One of the most prominent and successful organizations in supporting African immigrants is African Communities Together, a New York Immigration Coalition member group. ACT is an organization of Africans from across the continent fighting for immigrant rights. ACT provides immigrants with crucial support by empowering them to integrate socially in the United States, become economically stable, and become civically engaged. Organizations like ACT are indispensable in helping immigrants acclimate to U.S. society. ACT helps immigrants receive legal protection, develop their own businesses, make use of their existing language skills, get driving licenses and earn college scholarships.
City of Refuge
Last week, African Communities Together organized a 24-hour rally called City of Refuge to oppose the Trump administration’s refugee ban and cuts to asylum settlement. The event aimed to support refugees and humanitarian immigration policies.
Outside of the Trump building at 40 Wall Street, ACT filled life rafts with pictures of refugees and immigrants. These photos symbolized the unspeakable dangers and suffering immigrants face when leaving their homes. The rafts are especially poignant as many African refugees resort to crossing the Mediterranean by boat. Speakers addressed the importance of supporting refugees and immigrants, followed by a collective march to Trinity Church - a New York City sanctuary space - and a teach-in about immigrant rights, as well as an overnight 'tent city' of refugees and refugee advocates hosted by the Church.
We spoke to three immigrants about their dreams for immigrant and refugee communities in the future, as well as their personal experiences as immigrants in the United States.
Elizabeth Arjok, a former refugee from South Sudan who fled war and destruction at just twelve years old, hopes there will be no reason to become a refugee in the future. Having said that, she hopes “everyone will have their basic human rights and needs met, and for refugees to feel that their love and humanity have not been forgotten about.” In her own experience, the United Nations and the International Rescue Committee have been the most helpful with everything from paperwork to food. “A lot of people have helped us and it is now our turn to help others that are going through what I’ve gone through,” she stated.
Cesar Vargas is the first ever undocumented lawyer in New York City. His organization, Dream Action Coalition, is adamant about immigration reform and is at the forefront of the DREAMer movement. We asked him what being undocumented meant to him, and what dreams he had for undocumented immigrants and refugees:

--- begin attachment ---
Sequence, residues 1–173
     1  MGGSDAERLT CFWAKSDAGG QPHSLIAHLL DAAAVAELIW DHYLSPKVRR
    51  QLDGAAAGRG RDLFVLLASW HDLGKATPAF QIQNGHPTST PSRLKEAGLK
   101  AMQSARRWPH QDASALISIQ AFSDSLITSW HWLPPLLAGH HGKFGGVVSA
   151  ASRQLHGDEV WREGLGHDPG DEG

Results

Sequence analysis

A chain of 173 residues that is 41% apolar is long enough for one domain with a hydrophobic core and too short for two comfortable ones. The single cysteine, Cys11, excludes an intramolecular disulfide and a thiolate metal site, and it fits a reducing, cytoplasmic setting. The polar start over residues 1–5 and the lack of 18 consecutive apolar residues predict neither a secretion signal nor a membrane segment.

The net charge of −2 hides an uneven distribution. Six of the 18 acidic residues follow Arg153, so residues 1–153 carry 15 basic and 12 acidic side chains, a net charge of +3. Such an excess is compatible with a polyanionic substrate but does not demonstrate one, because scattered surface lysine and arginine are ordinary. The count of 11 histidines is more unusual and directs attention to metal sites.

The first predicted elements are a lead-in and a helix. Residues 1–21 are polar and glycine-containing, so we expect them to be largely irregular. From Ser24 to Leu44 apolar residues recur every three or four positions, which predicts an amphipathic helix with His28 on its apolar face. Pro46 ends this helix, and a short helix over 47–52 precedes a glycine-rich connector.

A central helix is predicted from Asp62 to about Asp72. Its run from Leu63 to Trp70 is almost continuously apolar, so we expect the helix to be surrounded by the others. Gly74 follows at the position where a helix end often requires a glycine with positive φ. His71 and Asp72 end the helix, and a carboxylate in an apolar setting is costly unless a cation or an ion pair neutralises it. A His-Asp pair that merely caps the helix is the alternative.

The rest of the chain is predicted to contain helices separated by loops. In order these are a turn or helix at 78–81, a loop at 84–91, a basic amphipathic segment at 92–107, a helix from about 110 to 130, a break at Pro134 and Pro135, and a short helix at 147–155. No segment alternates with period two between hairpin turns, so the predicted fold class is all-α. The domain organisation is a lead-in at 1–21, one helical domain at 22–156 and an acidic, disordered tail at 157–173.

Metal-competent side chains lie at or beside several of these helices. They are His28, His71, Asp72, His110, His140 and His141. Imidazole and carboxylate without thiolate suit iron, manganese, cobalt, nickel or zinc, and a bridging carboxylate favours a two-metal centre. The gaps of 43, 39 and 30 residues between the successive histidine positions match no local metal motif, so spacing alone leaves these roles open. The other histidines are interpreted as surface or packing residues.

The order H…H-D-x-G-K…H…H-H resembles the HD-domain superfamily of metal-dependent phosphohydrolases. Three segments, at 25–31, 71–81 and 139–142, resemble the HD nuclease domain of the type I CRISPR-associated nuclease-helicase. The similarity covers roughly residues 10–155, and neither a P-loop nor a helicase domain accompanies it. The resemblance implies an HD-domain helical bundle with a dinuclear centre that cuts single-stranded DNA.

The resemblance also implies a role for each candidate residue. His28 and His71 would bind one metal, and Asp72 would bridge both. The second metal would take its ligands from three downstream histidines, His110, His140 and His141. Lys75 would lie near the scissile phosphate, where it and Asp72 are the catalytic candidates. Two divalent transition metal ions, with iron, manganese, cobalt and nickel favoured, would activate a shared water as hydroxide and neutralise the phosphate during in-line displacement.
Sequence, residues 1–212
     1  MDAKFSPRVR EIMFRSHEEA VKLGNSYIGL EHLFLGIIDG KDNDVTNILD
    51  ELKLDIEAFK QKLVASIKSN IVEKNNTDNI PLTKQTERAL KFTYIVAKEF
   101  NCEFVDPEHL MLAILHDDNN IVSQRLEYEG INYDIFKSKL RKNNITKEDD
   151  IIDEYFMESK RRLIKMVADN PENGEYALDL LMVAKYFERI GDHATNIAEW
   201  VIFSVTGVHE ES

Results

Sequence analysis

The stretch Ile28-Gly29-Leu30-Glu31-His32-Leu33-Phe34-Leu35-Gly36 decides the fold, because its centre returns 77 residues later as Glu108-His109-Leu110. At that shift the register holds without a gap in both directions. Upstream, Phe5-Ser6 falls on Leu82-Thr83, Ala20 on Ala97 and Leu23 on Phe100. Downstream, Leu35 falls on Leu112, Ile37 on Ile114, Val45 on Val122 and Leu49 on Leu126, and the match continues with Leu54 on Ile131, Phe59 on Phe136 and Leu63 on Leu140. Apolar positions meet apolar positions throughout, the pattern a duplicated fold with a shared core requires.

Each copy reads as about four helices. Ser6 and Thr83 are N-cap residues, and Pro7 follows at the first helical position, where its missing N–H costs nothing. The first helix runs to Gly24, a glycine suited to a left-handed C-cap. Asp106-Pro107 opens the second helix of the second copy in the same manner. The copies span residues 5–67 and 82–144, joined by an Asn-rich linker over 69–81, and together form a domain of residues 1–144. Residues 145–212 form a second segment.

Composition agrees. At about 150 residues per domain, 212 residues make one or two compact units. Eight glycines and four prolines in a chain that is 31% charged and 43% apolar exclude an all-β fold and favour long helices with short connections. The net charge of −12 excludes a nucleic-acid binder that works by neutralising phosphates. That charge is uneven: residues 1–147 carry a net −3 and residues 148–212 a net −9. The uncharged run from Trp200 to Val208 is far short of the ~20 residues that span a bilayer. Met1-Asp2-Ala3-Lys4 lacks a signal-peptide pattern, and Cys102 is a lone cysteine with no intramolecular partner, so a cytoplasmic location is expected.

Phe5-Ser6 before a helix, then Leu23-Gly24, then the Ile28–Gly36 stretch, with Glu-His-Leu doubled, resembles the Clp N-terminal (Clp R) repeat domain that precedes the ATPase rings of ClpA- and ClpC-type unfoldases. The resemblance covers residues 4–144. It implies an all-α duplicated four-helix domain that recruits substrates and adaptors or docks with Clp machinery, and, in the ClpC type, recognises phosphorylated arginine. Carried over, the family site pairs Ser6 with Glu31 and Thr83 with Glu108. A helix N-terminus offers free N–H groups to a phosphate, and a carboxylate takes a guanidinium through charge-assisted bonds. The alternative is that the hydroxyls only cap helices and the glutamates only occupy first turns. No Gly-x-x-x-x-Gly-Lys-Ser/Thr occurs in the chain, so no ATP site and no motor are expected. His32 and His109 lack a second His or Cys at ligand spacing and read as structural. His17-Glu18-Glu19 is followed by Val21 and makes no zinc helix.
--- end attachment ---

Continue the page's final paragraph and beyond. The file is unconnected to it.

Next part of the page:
“All these attacks on specific groups of immigrants are an attack on all of us. An attack on our Muslim brothers and sisters is an attack on Latinos as well, whether undocumented, citizens or refugees. We’re going to stand together and send a strong message to Donald Trump and the White House that New York City is going to remain a sanctuary city and protect its heritage and tradition as a city of immigrants. We’re going to fight him in the streets and in the courts. We’re not just going to play defense, we’re going to keep pushing and play offense as well. We’re going to push for immigration reform and fight for a path to citizenship for millions of immigrants who are seeking better opportunities. We’re going to fight on all the fronts.”
Abdelmageed Haroun is a Sudanese refugee and activist at the Human Rights and Advocacy Network for Democracy in Sudan (HAND). He shared his feelings towards the fight for refugee and immigrant rights: “We are here today at the Trump Tower to show support to all refugees. I am a refugee from Sudan that came to the United States to find certain opportunities. We are fighting against the travel ban that discriminates against refugees - especially refugees from Muslim and Arab countries. They are good people that came here in search of a better life.” When asked what being a refugee meant to him, he says “there is a reason why people become refugees: their country is destroyed and they have nowhere else to go”. He urges us all to remember that refugees first and foremost, good and kind-hearted people.
The message is clear: no human being will ever be illegal, and the fight for immigrant rights will only end once all of their rights and needs are met.